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any ideas here? when i am stopped at idle and try to turn the wheels to change direction like parking, hooking up a trailer, with my foot on the brake it is virtually impossible to turn the steering wheel. i have checked the fluid level and it is where it is supposed to be. have noticed the gearbox is starting to leak but don't believe that is the problem, Hydroboost?? have changed the pump and lines already. any ideas
 

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I just recently rebuilt my hydroboost with that Pirate Jack HB seal kit. If you do end up having to do the HB, it's pretty easy and only took a couple hours. There's a write up for it and the seal kit is only like $35. Feels better but I still get what your talking about, just not as bad. I'm thinking it's time for a new pump, it whines like it's low on fluid when it isn't.
 

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Lmao this is ridiculous.... think about it.... your foot is on the brake, in order for your wheels to turn they do ever so slightly roll forward or backwards. So now your not only using power for hydro boost brakes, but also the steering, while locking your front end, and also the heavy front end on pavement doesn't help the situation either. Its a truck.
 

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I have this issue too. I just recently had my steering gear box replaced because it was leaking. I never had the issue with it being hard to turn until I got the new gear box. Mine feels like I don't have power steering when I'm trying to park. The other thing I noticed today was when turning slowly, like in a parking lot, and I hit my brakes it catches my steering for a second and makes it stiff in the steering wheel. It's very strange and I can't figure out if it's the hydroboost or power steering pump. I already did the hydroboost rebuild.
 

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Steering should only be done while moving, so not really an issue.
 

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Mine is hard to turn while moving. I notice it's harder to turn with my foot on the brake. Such as backing into a spot. Not sure about the OP but for me it's always when moving I don't really turn the wheels at a stand still.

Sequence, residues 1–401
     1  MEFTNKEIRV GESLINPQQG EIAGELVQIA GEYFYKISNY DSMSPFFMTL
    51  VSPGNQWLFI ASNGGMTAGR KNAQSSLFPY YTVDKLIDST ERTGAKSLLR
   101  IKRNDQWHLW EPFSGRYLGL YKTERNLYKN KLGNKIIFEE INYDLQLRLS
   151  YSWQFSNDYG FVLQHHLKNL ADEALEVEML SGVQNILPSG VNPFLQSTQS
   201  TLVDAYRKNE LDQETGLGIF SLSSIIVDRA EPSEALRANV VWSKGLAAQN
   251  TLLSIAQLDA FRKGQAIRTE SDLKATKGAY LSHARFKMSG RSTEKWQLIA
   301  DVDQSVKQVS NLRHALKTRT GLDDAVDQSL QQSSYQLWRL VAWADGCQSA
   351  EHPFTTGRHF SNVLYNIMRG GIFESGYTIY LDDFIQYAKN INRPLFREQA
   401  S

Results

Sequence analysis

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It will be harder when on the brake as both steering and brakes use the hydroboost.
 

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Larger aftermarket wheels/tires will make it more difficult as well.. Didn't see anything like the sorts in your signature..but thought it worth mentioning.
 

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Can't hurt!
 

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It will be harder when on the brake as both steering and brakes use the hydroboost.
I am aware of that. When I say harder I mean to the point where it's taking me two hands to turn the wheel. It really feels like I'm driving a truck without power steering. That is not normal and never had this issue until I had my gearbox replaced.

That's why I'm asking if it would be hydroboost or power steering pump related.
 

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You can try the hydroboost flush and even replace the power steering pump, but you will likely not get much more assist from the system.
 

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Awhile ago there was a post somewhere about a different relief valve that goes into the back of the power steering pump. I think it is a gm part, there was part numbers in that post too.
 

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You can try the hydroboost flush and even replace the power steering pump, but you will likely not get much more assist from the system.